6 Feb 2023 ///
News /// Art

Southern Guild kick-off 2023 with a double solo exhibition by Porky Hefer and Wycliffe Mundopa

Southern Guild is kicking off 2023 with a double-hitter of solo exhibitions by artist Porky Hefer and Zimbabwean painter Wycliffe Mundopa, both opening on Wednesday, 8th February.

Volume 4. Chaos Calamus – Interspecies Reciprocal Altruism by Porky Hefer launches a new collection of seating pods woven entirely in Kooboo cane – Hefer’s original material of choice – and incorporating carved timber sculptures by artist Adam Birch for the first time. This body of work reflects on the phenomenon of mutually beneficial symbiosis between species and looks to microbiology in its development of seating typologies – in particular, to amoeba. 

Pachipamwe (We Meet Again) by Wycliffe Mundopa, in association with First Floor Gallery Harare, presents a new group of figurative oil paintings bearing visceral witness to the complex lives of Zimbabwe’s women and children. Rooted in the power of truth-seeing and the drama and beauty of the ordinary, Mundopa’s paintings elevate the daily ongoings of his people toward historic significance.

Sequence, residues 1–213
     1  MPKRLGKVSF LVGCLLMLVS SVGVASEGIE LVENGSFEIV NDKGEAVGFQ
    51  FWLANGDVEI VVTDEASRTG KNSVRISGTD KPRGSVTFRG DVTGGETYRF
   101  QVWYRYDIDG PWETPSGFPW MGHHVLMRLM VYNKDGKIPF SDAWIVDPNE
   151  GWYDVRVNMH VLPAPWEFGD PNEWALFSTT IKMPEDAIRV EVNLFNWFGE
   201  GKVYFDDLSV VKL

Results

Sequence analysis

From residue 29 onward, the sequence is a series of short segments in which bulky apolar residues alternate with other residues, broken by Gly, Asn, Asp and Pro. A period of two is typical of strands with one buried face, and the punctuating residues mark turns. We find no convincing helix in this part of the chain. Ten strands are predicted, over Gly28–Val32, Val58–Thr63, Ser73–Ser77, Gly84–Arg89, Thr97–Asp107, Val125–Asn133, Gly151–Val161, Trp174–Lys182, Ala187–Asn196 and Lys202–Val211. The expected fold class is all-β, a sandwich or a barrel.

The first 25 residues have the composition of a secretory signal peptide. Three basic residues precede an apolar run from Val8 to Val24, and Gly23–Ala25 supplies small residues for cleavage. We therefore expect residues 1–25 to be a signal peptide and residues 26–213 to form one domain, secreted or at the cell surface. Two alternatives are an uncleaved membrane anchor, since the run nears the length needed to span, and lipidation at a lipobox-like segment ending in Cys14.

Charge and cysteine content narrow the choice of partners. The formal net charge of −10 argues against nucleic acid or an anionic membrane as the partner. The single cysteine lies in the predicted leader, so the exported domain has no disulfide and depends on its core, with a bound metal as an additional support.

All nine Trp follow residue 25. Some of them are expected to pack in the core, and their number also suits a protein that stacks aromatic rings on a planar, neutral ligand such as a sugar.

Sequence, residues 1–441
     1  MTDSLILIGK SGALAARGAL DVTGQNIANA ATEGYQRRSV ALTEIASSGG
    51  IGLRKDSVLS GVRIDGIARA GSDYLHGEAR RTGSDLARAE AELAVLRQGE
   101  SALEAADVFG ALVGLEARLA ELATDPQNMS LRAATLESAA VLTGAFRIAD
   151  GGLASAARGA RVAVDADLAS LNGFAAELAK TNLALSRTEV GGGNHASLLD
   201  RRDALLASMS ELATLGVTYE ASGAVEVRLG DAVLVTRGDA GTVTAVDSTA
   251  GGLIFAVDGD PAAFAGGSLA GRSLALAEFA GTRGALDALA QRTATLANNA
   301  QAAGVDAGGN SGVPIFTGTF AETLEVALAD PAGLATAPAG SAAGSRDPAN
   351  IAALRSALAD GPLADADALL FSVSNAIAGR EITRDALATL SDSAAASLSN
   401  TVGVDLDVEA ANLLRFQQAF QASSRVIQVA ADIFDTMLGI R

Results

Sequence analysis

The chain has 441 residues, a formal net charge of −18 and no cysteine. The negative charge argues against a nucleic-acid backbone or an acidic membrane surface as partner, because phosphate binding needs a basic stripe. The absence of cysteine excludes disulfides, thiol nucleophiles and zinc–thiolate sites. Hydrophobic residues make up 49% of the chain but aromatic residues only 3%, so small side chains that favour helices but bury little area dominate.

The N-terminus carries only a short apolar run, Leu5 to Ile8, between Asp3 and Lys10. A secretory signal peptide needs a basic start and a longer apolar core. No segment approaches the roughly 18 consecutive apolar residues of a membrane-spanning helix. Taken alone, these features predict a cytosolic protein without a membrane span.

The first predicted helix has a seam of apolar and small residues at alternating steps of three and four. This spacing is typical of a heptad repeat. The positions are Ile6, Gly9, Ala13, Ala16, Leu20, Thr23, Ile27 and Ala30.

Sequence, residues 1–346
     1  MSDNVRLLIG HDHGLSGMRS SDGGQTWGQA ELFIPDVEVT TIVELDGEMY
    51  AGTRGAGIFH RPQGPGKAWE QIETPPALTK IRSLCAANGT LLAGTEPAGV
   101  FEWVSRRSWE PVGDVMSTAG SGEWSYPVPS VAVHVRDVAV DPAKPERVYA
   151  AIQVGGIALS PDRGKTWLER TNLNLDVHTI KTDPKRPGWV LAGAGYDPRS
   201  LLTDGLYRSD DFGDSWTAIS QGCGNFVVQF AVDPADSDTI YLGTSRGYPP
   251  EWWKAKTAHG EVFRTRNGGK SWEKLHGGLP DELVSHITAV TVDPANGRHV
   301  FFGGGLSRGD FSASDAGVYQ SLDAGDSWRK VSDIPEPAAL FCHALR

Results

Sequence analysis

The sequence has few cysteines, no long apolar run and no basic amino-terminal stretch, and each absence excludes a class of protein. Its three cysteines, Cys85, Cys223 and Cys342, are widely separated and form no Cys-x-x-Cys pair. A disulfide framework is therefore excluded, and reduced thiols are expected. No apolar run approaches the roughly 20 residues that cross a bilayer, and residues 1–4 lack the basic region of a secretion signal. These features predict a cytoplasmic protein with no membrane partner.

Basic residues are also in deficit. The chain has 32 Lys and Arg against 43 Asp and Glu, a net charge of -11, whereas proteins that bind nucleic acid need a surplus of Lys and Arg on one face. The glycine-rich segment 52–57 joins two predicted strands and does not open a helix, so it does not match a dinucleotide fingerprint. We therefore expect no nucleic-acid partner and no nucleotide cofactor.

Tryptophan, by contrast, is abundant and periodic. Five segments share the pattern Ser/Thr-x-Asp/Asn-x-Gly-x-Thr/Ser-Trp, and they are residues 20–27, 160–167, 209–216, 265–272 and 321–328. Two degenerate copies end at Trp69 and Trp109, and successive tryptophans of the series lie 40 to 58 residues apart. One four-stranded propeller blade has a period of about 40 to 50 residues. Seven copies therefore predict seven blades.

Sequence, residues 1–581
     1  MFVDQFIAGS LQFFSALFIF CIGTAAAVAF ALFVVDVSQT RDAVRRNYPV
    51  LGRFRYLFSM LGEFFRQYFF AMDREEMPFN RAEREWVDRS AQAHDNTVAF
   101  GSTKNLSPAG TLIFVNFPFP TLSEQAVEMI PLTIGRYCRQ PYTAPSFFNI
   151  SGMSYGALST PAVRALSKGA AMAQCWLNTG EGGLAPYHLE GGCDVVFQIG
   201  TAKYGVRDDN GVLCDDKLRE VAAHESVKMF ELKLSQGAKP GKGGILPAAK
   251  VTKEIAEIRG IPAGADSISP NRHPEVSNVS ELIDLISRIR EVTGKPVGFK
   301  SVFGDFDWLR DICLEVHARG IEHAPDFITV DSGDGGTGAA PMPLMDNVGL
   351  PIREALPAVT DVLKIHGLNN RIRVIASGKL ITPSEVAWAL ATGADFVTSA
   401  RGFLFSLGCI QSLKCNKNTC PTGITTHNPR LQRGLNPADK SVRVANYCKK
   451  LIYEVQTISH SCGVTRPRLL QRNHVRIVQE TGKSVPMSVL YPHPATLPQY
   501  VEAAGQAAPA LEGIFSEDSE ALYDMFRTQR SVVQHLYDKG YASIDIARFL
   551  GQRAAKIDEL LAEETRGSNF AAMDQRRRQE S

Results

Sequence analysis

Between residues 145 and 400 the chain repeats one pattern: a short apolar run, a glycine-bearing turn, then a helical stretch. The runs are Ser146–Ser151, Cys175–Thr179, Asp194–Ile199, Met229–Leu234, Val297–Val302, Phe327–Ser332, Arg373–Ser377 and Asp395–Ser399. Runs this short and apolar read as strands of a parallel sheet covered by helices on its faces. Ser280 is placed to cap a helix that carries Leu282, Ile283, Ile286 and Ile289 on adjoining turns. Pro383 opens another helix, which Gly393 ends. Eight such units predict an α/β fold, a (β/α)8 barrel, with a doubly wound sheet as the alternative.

Please continue reading for the in-depth press releases of Volume 4. Chaos Calamus – Interspecies Reciprocal Altruism, and Pachipamwe (We Meet Again) :


PORKY HEFER: Volume 4. Chaos Calamus – Interspecies Reciprocal Altruism
8 February – 20 April 2023

Image 1-2: Porky Hefer by Hayden Phipps /// Southern Guild
Image 3: Porky Hefer, Adam Birch by Hayden Phipps /// Southern Guild

 Southern Guild is proud to present Volume 4. Chaos Calamus – Interspecies Reciprocal Altruism, a solo exhibition of new seating pods by Porky Hefer from 9 February to 20 April, 2023. Woven entirely in Kooboo cane – Hefer’s original material of choice – and incorporating carved timber sculptures by artist Adam Birch for the first time, this body of work reflects on the phenomenon of mutually beneficial symbiosis between species.

A keen observer of natural phenomena, organic forms, animal behaviours, and ecosystems, Hefer’s work is steeped in his fascination with biomimicry. A patch of forest floor, an anthill, the movement of lava – in Hefer’s mind, each unravels a parallel universe that offers a metaphoric lens through which to view our relationship to each other and the world at large. His collections of sculptural seating environments are speculative interventions, a series of playful proposals that take their cue from nature’s unerring adaptability, resourcefulness and interconnection.